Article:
10 Place: Locating RAW Carmel Rosella was a woman who faced enormous and disabling life experiences, but who also created an active life, including a job and literacy for herself and many others. She received support from an Anglicare organisation that works with women with intellectual disability, Alina, to move into a share house in West End in the early 1990s. This house was connected with the Waiters Union (2014, p46), a small faith-based community group that supports initiatives that emerge out of the West End community, that foster collaboration, connection and wellbeing. It was at that time that she undertook the project she describes below, supported by a local community development worker. At this time she was also working on developing her own literacy with the help of a friend. What follows is Carmel s story as she recorded it some years ago, before her untimely death in October Back in 1993 I wanted to get off disabilities support and find work in community development work. I do not have a degree in community development, just experience in life. At the time, I was living in a community house in West End in Brisbane. The people in the house were involved with people living in hostels and boarding houses in the West End area. I was also involved with people from different churches around West End. I started to talk with some community workers who helped set up a support group for me. I went to speak to the disabilities person at the Department of Social Security to see if they could help me find some community work to do. She told me to go to the Community Rehabilitation Service (CRS) for them to help me to do what I wanted to do. The person I saw there didn t know where to start so she asked me to find my own placement to get experience in community work for three months. So I did with these people from some churches around West End. My role was to find out what people who lived in the hostels and the boarding houses wanted. I talked a bit about my life and they started to trust me. People living in hostels have trouble trusting people, because many have trusted people before and their trust was broken. After a while they started to open up to me and told me they wanted to learn how to read and write. So I took that knowledge back to my support group and they said I could perhaps look for funding for a reading and writing group. I found funding called the Community Literacy Program, which is funded by DETIR (Department of Employment, Training and Industrial Relations). I told my support group and we started to talk about a reading and writing group. It was suggested that we needed a reference group made up of people with teaching backgrounds. Then we all sat down and talked about how we were going to apply for funding and form a reading and writing group. I think the support group was becoming frustrated with me, because I kept on using my language. They had to change the way they spoke to the way I used language, for example, to use the right jargon. That was in We also got our first funding in 1995 and we are still being funded for 10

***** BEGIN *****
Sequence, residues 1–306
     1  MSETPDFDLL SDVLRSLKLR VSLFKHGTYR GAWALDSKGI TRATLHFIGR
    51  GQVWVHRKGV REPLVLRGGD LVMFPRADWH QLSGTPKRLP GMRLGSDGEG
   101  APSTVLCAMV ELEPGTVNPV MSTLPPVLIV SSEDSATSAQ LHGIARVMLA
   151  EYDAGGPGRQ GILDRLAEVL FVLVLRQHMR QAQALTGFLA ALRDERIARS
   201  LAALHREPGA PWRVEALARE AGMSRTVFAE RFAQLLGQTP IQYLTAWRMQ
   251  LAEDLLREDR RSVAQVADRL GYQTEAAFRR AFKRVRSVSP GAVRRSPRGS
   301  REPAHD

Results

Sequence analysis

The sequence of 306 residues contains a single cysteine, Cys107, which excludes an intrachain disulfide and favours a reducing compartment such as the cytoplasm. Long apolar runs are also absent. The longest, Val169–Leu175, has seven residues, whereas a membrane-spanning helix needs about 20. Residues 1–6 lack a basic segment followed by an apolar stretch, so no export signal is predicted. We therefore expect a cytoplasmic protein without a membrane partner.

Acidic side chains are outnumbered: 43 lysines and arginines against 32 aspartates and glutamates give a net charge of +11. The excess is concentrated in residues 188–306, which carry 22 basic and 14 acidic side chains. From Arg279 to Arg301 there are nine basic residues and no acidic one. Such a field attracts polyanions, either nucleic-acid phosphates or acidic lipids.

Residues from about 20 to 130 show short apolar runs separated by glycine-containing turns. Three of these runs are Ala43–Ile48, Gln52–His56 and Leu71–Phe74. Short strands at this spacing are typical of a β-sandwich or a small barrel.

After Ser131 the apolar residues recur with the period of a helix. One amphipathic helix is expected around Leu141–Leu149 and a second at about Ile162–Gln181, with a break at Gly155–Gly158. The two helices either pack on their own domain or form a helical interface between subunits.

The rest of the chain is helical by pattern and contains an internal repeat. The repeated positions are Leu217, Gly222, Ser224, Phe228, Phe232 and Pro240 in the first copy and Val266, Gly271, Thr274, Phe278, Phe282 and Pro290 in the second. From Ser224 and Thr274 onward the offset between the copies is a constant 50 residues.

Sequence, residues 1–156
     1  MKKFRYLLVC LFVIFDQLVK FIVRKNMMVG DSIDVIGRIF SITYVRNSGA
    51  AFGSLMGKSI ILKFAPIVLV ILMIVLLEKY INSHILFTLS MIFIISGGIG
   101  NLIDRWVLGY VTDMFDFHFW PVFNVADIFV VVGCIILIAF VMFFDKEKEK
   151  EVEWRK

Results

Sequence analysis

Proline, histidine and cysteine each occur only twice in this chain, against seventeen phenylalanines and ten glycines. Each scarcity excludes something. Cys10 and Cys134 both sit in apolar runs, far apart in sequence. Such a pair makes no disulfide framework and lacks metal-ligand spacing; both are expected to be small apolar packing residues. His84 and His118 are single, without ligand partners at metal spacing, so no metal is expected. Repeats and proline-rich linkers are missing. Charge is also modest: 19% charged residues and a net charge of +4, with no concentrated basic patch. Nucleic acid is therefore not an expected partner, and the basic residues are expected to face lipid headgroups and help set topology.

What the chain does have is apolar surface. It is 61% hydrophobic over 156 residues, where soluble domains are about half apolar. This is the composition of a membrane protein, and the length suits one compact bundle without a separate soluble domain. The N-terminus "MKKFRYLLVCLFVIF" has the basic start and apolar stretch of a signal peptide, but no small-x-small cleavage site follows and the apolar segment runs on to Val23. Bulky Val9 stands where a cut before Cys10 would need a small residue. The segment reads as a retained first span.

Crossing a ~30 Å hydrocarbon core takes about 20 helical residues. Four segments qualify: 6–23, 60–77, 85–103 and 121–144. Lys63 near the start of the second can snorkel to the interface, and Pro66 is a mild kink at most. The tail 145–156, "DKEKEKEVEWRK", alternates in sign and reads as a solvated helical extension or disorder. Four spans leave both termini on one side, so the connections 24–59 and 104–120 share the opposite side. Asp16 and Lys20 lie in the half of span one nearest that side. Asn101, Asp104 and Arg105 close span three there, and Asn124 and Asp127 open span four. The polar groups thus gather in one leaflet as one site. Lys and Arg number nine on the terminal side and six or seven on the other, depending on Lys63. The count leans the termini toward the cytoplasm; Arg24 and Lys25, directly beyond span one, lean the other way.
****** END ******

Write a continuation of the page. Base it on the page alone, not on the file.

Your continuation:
11 our course now. We had five students the first year, now we have twenty students enrolled. Every year we get more people involved, because the students speak to each other at their pace and learn reading and writing at their own pace. (Rosella No date) Carmel s first grant was $2400 in about It provided an opportunity for eight people from local hostels to develop their functional reading, writing and counting skills in a half-day per week course over nine weeks (The Community Initiatives Resources Association c2008, p23). This was followed by no less than five small grants from a variety of sources, but this funding eventually dried up when the government departments responsible for training and education communicated that the program was not having sufficient outcomes in employment or mainstream training (Neil Barringham, personal communication). In 2005 Carmel went to see the then Minister for Disability Services, Anna Bligh, who steered her towards funding within the disability stream, and eventually she received a small but ongoing grant which has since sustained the program. Because the funding came under disability criteria, it required a registered disability organisation to auspice the program. It was at this time that A Place to Belong became involved. A Place to Belong is an agency that has its origins in the deep commitment of a number of people both to community and to the welfare and wellbeing of people living on the edges of society, particularly those wounded by mental illness. Its original mission statement was to encourage the building of a society where the acknowledgement of our common brokenness and the treasuring of our uniqueness are accepted as being fundamental to each person s wholeness (Barringham and Barringham 2002, p3). The focus of our work has been on understanding the process of community inclusion for people who experience mental and emotional trauma. We have based our learnings around the narratives of people living in hospital and in the general community while also drawing from the writing and thinking of others. (Barringham and Barringham 2002 pp12-13) There was no apparent connection between the work of RAW and A Place to Belong. The manager of A Place to Belong, Neil Barringham said that he was initially quite wary of taking on a program that was not close to the service model of A Place to Belong. In essence this is about helping people to connect to their communities of choice, not supporting training and learning groups. But Neil Barringham agreed to do so as long as the program was self-supporting and included money for supervision (personal communication). This began the association that has developed into a model that links literacy with social inclusion aims. Carmel had a learning disability, and the struggle to gain control over literacy was definitely about the acquisition of the very concrete skills that she describes here, but her own life story demonstrates that acquiring the ability to read and write was as much about learning to live an active life and to be connected to community and learning opportunities. Carmel was able to engage the community at many different levels, including accessing government funding and resources to support and sustain her vision for adult learning in the community. She understood the importance of helping people to learn by getting alongside them as a trusted companion. This approach emphasises relationships and supportive co-responsibility through partnership and collaboration. Her experiences with literacy were transformative beginning RAW and also extending her vision through various networks. For example, Carmel ran a project she called Easy Words are Better, where she visited community groups and suggested ways for them to improve their communication with people who are new to reading and writing. Following her hopes and dreams enabled Carmel to be more included in her community by developing her own literacy and having a valued role as a community educator. 11